Bodhidharma: The Hidden Gem of Zen Buddhism

The Zen Master You May Have Never Heard Of

Have you ever met someone whose presence seemed to speak louder than words? That’s how I feel about Bodhidharma. He’s not just a historical figure or a teacher; he’s a living energy, a force of enlightenment that touches the soul without saying a word.

In this blog post, I want to introduce you to Bodhidharma, the Zen master whose impact continues to inspire generations. He’s not just the greatest Buddhist Zen master; he’s a timeless guide whose teachings resonate deeply with anyone open to their message.

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Let’s take a journey back fourteen centuries to India, where Bodhidharma was born into royalty, the third son of a king in the Pallava empire down in the south. Despite his privileged upbringing, Bodhidharma wasn’t content with the usual royal affairs. He was incredibly smart and had this burning desire to understand himself deeply. So, he decided to leave behind his princely life and seek something greater. However, at a young age, he embraced Buddhism and sought instruction in the Dharma from Prajnatara, a revered teacher invited from the ancient Buddhist heartland of Magadha by his father.

Navigating the waters along the Indian coast and skirting the Malay Peninsula, Bodhidharma spent three years at sea before finally arriving in Southern China around 475. This arduous journey marked the beginning of Bodhidharma’s significant impact on Chinese Buddhism, as he brought with him not only the teachings of the Dharma but also a profound spiritual presence that would resonate for centuries to come.

Around the same time, Buddhism had already found its way to China, about two thousand years ago. Monks from India and Central Asia had been traveling there for years, spreading the teachings of Buddha. But when Bodhidharma arrived in China, something changed. His impact was unlike any other. His way of teaching and his profound insights struck a chord with the Chinese people like never before. And thus began a new chapter in the history of Buddhism, thanks to this extraordinary man from India.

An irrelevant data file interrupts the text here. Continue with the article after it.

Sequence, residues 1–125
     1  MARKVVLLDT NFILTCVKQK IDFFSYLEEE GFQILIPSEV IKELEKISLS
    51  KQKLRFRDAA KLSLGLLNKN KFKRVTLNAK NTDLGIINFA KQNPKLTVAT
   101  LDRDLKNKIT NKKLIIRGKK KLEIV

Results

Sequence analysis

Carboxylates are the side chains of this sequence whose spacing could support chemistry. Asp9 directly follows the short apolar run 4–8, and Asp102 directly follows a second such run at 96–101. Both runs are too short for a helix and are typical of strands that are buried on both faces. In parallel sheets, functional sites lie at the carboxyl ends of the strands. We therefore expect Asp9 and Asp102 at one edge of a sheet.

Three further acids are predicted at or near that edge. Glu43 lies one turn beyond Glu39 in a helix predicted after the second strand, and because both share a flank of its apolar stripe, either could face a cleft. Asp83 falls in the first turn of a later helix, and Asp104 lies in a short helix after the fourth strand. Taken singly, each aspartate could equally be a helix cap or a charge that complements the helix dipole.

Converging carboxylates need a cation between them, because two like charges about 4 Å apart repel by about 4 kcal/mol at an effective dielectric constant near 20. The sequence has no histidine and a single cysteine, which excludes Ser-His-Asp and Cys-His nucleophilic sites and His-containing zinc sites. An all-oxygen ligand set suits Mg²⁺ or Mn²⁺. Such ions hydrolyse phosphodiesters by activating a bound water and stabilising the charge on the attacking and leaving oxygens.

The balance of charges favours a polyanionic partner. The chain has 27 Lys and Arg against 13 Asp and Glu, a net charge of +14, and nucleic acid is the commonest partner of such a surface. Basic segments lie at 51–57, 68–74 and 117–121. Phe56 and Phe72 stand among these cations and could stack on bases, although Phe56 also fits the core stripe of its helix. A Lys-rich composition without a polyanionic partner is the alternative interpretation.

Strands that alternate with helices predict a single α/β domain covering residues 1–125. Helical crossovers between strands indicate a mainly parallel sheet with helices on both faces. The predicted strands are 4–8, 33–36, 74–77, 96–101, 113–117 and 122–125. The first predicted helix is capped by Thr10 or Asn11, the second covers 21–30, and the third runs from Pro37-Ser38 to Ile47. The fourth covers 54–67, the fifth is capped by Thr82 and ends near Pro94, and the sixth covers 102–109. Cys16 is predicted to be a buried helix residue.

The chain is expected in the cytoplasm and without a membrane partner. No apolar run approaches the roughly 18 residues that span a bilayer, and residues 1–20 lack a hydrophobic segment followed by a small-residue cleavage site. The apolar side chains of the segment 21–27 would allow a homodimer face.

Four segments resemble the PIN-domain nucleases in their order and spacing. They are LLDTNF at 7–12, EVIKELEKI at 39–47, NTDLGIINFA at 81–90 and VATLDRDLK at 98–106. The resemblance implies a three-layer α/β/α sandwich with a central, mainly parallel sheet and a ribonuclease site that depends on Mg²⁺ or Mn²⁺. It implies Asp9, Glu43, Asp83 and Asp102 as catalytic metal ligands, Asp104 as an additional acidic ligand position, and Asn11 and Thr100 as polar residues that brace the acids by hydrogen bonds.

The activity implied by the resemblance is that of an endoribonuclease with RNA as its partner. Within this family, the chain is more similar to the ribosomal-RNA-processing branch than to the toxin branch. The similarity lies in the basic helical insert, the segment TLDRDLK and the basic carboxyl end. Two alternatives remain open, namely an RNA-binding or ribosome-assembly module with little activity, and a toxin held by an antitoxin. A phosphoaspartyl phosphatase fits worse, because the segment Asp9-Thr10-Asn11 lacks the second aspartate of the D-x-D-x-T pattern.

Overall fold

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It’s a bit mind-bending, but let me break it down for you. Basically, he meant that we’re always searching for someone to give us all the answers, like spiritual gurus. But the truth is, we’re all Buddhas deep down. Some of us realize it, and some don’t — that’s the only difference. So, no one else can save us because we’ve got to do that ourselves.

Now, you might be wondering, “How do I find the Buddha within me? ” Well, here’s the thing: asking that question is a bit tricky because it’s the ego mind getting in the way. To truly see the Buddha within, you’ve got to quiet that chatty mind and just be in the moment — what Bodhidharma calls “no-mind.” Buddhas don’t follow strict rules or methods; they’re just fully aware and present. You’ve got to be your own guiding light, not relying on scriptures or rules to show you the way. Act from that pure awareness, and whether your actions are labeled good or bad won’t matter because they’ll come from a place of deep understanding and clarity.


Having a lot of knowledge might make you sound smart, but it won’t necessarily give you that deep feeling of knowing your own eternal nature or your connection to everything. It’s like your mind gets filled with words, but inside, you still feel empty. Real truth, according to Bodhidharma, can only be experienced firsthand. Once it becomes secondhand, it loses its power and becomes just empty words.

Even if you’re super knowledgeable, like a scholar or a wise person, that doesn’t guarantee you’ll break free from the cycle of birth and death, or the suffering that comes with it, as per Gautama Buddha’s teachings. In Buddhism, even heaven isn’t seen as the ultimate goal because it’s still a form of suffering — just a more subtle kind. True freedom, or nirvana, means being liberated from all forms of suffering — whether it’s in heaven, on earth, or in hell. That’s when you reach true enlightenment.

If Bodhidharma’s teachings have piqued your curiosity, I’m eager to delve deeper into them in future blogs. Feel free to share your opinions